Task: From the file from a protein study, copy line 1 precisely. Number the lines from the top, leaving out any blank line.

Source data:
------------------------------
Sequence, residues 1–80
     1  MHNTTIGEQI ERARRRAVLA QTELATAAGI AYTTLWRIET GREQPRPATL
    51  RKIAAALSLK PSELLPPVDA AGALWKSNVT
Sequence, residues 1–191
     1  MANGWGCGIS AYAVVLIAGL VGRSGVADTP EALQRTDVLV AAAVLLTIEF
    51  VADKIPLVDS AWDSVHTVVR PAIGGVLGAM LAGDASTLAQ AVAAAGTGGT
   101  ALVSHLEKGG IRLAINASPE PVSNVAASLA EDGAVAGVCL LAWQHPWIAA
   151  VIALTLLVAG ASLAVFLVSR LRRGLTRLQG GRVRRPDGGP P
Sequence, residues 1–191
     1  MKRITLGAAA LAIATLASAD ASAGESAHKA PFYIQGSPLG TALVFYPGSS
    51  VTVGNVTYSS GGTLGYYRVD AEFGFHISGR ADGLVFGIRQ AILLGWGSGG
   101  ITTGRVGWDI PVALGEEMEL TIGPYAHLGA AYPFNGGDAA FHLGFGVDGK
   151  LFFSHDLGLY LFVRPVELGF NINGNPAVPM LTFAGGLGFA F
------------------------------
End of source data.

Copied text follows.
Sequence, residues 1–80